- Ageing populations will result in greater social spending. Healthcare, for example. That’s something we envisage will go up. Looking after the elderly. I know that the elderly will live longer, healthier, but at some point we will reach a stage where we do and will become frail. How do we finance this? I know that it’s not very popular, it is not the most aspirational thing to talk about. But all of us who are responsible, we know we need to deal with the practical issues of governance. How do you finance these things? The costs will go up. Where will your tax base come from? This will be our children’s generation, much smaller than we are today. They will bear the brunt of that tax burden. And this is not to say that the elderly is a burden – it’s our responsibility to look out for Singaporeans as they grow old, but it’s also our responsibility to look out for our children, because they will have to bear the consequences of this. And that’s why it is important to plan long term. It is about ensuring a sustainable and stable Singaporean population.
- We talked about TFR (total fertility rate), and we totally agree with the Workers’ Party that this is critical. We should do all we can and we should not let up. But even with whatever ideas that they may suggest – and we would be quite happy to look at practical ideas – they are looking at 1.3 TFR. What does a 1.3 TFR mean? And even with the 10,000 immigration numbers that they talk about on a yearly basis, by 2030-plus, the Singaporean population will decline. How do we deal with these realities? These are not trivial issues, which is why this White Paper is important and we need to table it.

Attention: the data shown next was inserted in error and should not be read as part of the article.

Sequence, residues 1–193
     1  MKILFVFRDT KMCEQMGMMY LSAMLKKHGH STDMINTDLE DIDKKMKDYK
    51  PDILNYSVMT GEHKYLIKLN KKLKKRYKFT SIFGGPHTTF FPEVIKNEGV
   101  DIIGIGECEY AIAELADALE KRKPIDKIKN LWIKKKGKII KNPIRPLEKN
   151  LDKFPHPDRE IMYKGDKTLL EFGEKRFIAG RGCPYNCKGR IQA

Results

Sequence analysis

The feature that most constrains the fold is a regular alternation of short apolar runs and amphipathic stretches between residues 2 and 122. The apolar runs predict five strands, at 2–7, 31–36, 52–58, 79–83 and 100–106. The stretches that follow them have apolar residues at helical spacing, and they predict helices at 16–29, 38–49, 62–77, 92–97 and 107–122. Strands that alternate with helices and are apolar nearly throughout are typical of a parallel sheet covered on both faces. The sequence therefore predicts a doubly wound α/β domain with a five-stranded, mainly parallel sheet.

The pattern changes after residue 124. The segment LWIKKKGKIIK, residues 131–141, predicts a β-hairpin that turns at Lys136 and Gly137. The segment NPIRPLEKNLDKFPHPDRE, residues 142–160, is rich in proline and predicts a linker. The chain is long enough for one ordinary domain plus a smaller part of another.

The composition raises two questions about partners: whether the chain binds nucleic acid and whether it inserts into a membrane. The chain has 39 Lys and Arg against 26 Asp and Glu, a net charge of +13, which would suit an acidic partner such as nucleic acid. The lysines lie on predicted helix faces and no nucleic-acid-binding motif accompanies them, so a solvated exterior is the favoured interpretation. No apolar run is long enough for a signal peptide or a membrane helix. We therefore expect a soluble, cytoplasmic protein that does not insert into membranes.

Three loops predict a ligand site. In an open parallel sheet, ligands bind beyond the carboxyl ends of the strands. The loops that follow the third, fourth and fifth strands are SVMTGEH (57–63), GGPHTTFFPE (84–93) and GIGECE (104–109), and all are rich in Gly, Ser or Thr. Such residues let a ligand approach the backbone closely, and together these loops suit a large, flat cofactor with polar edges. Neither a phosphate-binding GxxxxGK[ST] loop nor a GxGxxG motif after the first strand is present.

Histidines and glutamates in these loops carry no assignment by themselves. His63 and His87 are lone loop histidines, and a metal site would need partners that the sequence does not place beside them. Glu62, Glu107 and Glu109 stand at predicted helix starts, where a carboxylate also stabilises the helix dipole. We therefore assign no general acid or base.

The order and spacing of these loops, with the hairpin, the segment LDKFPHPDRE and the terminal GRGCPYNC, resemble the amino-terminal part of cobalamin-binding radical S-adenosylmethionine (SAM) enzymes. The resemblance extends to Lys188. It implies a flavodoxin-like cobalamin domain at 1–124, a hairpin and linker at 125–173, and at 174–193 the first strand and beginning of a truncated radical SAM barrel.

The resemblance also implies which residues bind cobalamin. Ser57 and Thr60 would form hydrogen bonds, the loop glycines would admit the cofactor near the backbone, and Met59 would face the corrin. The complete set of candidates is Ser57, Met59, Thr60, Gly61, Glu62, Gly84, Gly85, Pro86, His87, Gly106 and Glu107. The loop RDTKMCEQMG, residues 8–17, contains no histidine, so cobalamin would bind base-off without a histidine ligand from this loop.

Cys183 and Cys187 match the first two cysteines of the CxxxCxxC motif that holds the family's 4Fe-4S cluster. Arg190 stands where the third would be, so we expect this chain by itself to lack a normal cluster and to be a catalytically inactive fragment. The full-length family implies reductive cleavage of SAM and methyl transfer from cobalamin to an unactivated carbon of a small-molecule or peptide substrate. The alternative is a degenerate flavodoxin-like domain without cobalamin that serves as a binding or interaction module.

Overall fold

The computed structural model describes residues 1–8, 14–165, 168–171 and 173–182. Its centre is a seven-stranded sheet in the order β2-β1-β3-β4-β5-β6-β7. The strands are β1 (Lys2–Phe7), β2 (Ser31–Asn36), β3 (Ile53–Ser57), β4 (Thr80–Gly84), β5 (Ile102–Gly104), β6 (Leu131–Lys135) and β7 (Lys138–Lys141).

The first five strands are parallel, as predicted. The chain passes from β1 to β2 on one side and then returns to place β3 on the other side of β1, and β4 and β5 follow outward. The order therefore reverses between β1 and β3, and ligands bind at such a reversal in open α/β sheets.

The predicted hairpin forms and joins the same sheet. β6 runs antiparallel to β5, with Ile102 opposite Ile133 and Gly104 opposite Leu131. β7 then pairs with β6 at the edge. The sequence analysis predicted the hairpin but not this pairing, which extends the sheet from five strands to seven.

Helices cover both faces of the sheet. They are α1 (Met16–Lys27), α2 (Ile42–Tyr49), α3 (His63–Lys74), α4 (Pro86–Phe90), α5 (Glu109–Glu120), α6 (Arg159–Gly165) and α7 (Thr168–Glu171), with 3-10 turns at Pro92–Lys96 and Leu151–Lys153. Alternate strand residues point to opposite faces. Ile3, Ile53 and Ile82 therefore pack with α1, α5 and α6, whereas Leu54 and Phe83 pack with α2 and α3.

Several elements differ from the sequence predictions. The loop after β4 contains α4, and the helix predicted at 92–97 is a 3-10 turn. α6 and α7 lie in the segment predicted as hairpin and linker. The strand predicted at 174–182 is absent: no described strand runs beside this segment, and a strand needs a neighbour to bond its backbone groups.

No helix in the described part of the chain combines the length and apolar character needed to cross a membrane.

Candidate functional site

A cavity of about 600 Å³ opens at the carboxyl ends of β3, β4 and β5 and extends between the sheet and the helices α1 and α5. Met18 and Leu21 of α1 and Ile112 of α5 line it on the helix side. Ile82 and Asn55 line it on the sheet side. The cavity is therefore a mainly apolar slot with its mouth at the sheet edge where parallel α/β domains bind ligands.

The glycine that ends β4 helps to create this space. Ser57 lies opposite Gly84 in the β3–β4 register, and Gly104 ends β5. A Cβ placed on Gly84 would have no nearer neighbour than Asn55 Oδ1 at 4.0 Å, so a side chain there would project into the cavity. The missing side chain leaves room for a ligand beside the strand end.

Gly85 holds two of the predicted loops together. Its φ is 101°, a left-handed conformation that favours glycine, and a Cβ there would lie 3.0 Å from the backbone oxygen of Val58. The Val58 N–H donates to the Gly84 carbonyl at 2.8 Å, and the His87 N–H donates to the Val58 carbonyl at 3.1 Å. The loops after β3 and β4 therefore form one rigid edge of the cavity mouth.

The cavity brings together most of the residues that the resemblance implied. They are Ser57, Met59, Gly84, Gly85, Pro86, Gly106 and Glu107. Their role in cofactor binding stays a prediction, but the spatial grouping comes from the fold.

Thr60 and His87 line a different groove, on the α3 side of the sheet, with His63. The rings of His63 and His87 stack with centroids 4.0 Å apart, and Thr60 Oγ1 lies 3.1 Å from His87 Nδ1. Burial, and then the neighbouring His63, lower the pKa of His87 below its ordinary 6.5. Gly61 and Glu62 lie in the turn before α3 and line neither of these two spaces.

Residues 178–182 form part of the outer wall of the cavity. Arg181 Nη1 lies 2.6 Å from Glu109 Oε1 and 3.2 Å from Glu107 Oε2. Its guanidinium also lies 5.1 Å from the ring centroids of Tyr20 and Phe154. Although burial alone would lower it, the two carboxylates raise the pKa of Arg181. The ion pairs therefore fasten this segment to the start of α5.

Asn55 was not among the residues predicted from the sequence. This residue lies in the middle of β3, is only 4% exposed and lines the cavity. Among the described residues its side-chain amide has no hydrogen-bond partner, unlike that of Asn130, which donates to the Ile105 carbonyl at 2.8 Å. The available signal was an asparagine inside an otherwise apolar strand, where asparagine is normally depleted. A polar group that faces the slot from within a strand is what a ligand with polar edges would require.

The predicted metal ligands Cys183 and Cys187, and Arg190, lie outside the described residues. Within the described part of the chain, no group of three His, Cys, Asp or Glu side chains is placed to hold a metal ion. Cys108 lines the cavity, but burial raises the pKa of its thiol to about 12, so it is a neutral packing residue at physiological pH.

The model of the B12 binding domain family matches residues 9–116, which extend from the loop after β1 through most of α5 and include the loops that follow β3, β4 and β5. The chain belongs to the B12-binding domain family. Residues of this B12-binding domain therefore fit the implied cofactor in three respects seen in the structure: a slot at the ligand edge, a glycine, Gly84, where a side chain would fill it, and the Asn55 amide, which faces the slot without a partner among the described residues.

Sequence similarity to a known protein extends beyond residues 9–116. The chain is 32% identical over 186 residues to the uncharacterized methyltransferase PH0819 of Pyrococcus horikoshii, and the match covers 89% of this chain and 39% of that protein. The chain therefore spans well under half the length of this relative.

- As I listened to Yi Shyan – and I do urge all of us to read his speech and examples shared – it sounded quite bleak. But then I also quickly realised that it is not so bad, because all the people that left the ageing cities, they were still in their country. But for us, it is a bit different – we will all grow old here, because there is not another place to go to. So we need to make this work.
- We are the next big ageing story. What will be our story be?
- Actually, our demographics have been scribbled on the wall for some time now. When I was in the SAF, we looked at the demographics, because 18 years ahead of time, you actually know what the size of your SAF will be. There was a massive transformation of the SAF into one with third-generation (3G) capability, because we knew that in order for us to be able to defend ourselves, we needed to change the way we operate. And we did.
- Various agencies and ministries have been working hard on the issues actually for a number of years. And it is very clear that they are interconnected, and sometimes pulling in very different directions.
- For example, we know that as we age – ageing in place at home – is emotionally probably one of the best options, and probably a more affordable option with the foreign domestic helper to support. But that pulls in the opposite direction because we also want to reduce the presence of foreign manpower in Singapore. How do you reconcile that? We know that we have an ageing population, we need to restructure. So what exactly does that mean? It is not just the numbers, indeed, it is about the quality of growth. What should that look like to ensure that we have good quality, sustainable growth to provide for our people?